Pohl-Weary: Girls Who Bite Back Pohl-Weary, Emily, editor. Girls Who Bite Back: Witches, Mutants, Slayers, and Freaks. (Sumach Press, 2004)

    This terrific Canadian anthology is both an homage to, and examination/critique of, the kick-ass grrrls and female superheroes that are increasingly evident in popular culture, from mythic heroines to comic book superbabes to Buffy the Vampire Slayer. The book is interdisciplinary and interstitial in construction, featuring essays, memoirs, poetry, art, comics, a scientific report, a fictional online chat, and some great new fiction by Nalo Hopkinson (Brown Girl in the Ring, The Salt Roads); Kij Johnson (The Fox Woman, Fudoki), Larissa Lai (When Fox Was a Thousand, Salt Fish Girl), Hiromi Gotto (The Kappa Child, Chorus of Mushrooms), and other notable Canadian and American authors. "I approached several writers and artists and told them I wanted to create a book I would have loved to read as a teenager and that my friends and I would like to read now," says Pohl-Weary in the book's introduction. "The response was incredible... Some writers decided to critique existing characters and others invented new, better, more interesting superheroes. Regardless of how inspiration presented itself, the consensus among writers and artists was that no one had ever heard of a book like this before. We were going to delve into the paradox and revel in it, through critical and personal essays, fiction, art and hybrid forms." For more information on the book and its contributors, visit the Girls Who Bite Back web site. (Terri Windling)

    Richter: My Date With Satan

    Richter, Stacey. My Date with Satan. (Scribner, 2000)

    This collection of short stories originally appeared in 1999, and the stories contained within it are weird and wonderful. Five years later they still feel fresh and crisp. Stacey's Richter's stories explore the disenchanted, disenfranchised, and misanthropic youth culture of the nineties. In these stories you will find sado-masochists who meet online and turn out to be much duller in person, rich girls who appropriate commercial ghetto identities, ghosts hanging out in bars, a boy whose stepmother and father belong to a New Age cult, and high school teachers who buy drugs from their students. The situations are almost always absurdist in nature, but Richter somehow manages to capture a tone which enables her to make us feel for these characters as much as we want to laugh at them or even despise them. Her main trick is the first-person narrative, in which the narrator is in a necessary denial, though is convinced otherwise, and is convincing to the reader as well, for when the truth behind their circumstance is revealed, the reader will often be as shocked as the character. Using pop culture references and stereotypes, Stacey Richter has managed to truly make the stuff of tabloids seem possible. Her idiosyncratic voice allows her to bring together a lot of disparate materials, as well as disparate genre concepts, and meld them into something altogether singular. Several other Richter's stories have appeared in recent years, most notable "The Cavemen in the Hedges" and "Twin Study", published in Zoetrope. Both new stories continue her vision of an off-kilter world, careening towards something apocalyptic, but told in a manner which implies that the end of something is always really a new beginning. Hopefully another collection or a novel will be coming in the near future. This is a writer whose work must be passed around by word of mouth, not only kept alive, but prosperous. (Christopher Barzak)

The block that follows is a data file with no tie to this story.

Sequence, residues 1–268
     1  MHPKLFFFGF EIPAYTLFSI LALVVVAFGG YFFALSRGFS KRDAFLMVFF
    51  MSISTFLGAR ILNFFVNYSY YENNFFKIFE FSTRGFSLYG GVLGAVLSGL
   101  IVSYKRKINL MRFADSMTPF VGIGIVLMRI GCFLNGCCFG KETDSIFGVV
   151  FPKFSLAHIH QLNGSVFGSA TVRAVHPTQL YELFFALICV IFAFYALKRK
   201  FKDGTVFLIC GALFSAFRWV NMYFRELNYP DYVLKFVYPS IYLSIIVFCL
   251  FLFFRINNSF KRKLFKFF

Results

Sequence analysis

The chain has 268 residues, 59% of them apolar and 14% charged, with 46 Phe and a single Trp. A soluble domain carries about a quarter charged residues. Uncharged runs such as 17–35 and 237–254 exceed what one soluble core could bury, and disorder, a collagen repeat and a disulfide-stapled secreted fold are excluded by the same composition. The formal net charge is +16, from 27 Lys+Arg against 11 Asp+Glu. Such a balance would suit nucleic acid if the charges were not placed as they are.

Thompson: Curse of Lono

    Thompson, Hunter S. Curse of Lono. (Bantam, 1982)

    The good doctor has concocted a lengthy career dedicated to fouling up readerly expectations, and nowhere does he do it better than in Curse of Lono. This book might be shelved under Sports (chapters first appeared in Running magazine), Journalism, Creative Non-fiction, and with its high regard for Hawaiian folklore, it certainly deserves to be the centerpiece in discussions of myth's relationship to interstitial fiction.While covering the Hawaii Marathon, Thompson plies his brand of boozy gonzo journalism only to find himself, as usual, covering an entirely different event, one in which local legend claims Thompson as the long-lost Hawaiian god Lono. To this day, Thompson asserts that the events of this novel really happened and that he is Lono. Consequently, this book's interstitiality reaches right across questions of categorization, myth/genre, journalistic integrity, and, like much of Thompson's work, grasps at redefining "truth." (Barth Anderson)

    Wexler: In Springdale Farm

    Wexler, Robert Freeman. In Springdale Town. (PS Publishing, 2003)

    Wexler writes of small-town America with the same regard to detail and unnerving surreality as David Lynch. Just when you think you have a grip on what's happening in Springdale town, its two main characters, and the story's plot, Wexler rearranges the whole game with, I have to say it again, Lynchian instinct. With footnotes inset to give the page an air of scholarly work, In Springdale Town can't be neatly fit into the typical contemporary fantasy molds, since as a metafiction, its audience seems to be dwelling outside typical genre boundaries. (Barth Anderson)

    Antoni: My Mother's Erotic Folktales

    Antoni, Robert. My Mother's Erotic Folktales. (Grove Press, 2001)